Electricity is ubiquitous in daily life and electrical metrology covers a wide range of quantities. Typical examples are voltage, current, resistance, capacitance, inductance, power, electrical field strength, magnetic field strength, antenna factors, radiofrequency scattering parameters and others. In many cases these quantities span a very wide range of values. Calibration services for dc resistance, for example, extend over 20 orders of magnitude. Many quantities depend on frequency, which ranges from dc far into the radiofrequency range, with different techniques required for the different frequency ranges.
Reliable measurements of electrical quantities underpin measurement results in many different areas, since most modern measuring instruments use electrical signal transducers and treat electrical signals. Electrical energy provides the second largest contribution to the world's total energy consumption.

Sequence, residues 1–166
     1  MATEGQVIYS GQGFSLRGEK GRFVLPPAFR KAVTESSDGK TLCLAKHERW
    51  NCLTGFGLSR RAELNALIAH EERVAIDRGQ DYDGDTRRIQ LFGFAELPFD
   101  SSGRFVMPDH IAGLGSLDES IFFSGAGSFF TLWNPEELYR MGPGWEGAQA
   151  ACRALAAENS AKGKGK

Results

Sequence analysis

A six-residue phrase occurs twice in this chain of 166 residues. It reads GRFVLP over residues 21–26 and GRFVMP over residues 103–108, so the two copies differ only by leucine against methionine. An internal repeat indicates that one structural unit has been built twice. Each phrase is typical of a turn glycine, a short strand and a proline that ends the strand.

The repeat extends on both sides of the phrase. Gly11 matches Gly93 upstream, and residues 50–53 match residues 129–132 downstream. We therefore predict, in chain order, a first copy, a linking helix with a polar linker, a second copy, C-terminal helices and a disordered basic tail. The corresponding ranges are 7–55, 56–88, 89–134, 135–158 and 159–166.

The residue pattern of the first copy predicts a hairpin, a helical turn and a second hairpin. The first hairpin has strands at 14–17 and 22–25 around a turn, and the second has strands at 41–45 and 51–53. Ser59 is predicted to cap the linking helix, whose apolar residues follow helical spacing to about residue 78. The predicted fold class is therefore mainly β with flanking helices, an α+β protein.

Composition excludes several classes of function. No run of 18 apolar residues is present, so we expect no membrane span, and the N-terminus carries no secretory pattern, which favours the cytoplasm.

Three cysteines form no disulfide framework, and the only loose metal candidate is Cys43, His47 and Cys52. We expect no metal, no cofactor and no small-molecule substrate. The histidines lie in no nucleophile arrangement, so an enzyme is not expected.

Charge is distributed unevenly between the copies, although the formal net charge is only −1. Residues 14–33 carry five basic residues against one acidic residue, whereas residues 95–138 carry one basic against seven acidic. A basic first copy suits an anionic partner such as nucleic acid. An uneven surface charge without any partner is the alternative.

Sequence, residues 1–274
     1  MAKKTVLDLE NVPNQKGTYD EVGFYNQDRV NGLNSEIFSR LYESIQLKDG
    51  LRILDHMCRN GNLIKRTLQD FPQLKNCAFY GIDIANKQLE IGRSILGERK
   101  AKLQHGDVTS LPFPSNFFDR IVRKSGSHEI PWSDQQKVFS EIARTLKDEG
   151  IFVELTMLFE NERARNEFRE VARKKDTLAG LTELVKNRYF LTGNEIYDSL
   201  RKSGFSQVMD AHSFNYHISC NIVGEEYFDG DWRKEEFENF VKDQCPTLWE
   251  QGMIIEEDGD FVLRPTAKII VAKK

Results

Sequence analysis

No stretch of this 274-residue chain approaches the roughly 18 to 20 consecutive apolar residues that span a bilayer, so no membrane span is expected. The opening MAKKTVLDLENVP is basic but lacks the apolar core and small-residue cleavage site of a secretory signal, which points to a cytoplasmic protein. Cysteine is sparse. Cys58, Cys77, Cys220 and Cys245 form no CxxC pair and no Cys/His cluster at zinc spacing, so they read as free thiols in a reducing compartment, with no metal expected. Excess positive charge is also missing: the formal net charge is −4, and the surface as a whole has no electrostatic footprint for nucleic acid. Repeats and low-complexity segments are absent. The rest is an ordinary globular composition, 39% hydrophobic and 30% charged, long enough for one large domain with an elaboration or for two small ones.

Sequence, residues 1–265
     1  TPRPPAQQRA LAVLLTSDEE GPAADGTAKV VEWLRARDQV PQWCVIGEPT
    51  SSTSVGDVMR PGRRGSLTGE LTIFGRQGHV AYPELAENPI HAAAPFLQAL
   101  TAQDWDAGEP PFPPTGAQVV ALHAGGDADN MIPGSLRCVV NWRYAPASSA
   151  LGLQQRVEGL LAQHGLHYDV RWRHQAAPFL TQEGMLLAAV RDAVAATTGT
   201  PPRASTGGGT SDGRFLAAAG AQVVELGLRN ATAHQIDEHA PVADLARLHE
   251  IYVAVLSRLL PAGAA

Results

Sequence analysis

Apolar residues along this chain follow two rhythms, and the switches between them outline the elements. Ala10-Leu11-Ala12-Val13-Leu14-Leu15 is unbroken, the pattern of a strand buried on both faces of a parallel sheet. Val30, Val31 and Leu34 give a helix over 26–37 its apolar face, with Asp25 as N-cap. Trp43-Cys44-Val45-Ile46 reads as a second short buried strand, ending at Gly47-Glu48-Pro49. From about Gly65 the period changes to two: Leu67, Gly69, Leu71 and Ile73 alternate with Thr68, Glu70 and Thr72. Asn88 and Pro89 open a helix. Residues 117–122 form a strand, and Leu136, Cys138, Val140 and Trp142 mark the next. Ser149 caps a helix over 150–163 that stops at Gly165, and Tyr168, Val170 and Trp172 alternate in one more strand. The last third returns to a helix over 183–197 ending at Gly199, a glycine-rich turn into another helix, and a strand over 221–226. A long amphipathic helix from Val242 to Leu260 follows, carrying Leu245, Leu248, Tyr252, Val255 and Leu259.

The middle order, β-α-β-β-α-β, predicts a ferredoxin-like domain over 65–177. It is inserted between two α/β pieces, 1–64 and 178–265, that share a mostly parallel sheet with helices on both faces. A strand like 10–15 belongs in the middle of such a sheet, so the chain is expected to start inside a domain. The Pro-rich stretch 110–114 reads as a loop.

The most accurate electrical standards are the Josephson effect and the quantum Hall effect, two macroscopic quantum standards. These allow electrical units to be derived from two fundamental physical constants, the elementary charge and the Planck constant. The importance of the further development of quantum standards cannot be overstated. Quantum standards are becoming more versatile as they are used in an increasing number of applications, and the development of less complex quantum standards will lead to more widespread use in the future.
A rapidly growing area that requires metrological support is the transmission and distribution of electrical energy through Smart Grids and new ultra-high voltage transmission lines. Dynamic measurements based on digital sampling where parameters are changing rapidly in time are a potential area of increased activity. Another area in which increased activity may be needed is in the electromagnetic properties of materials.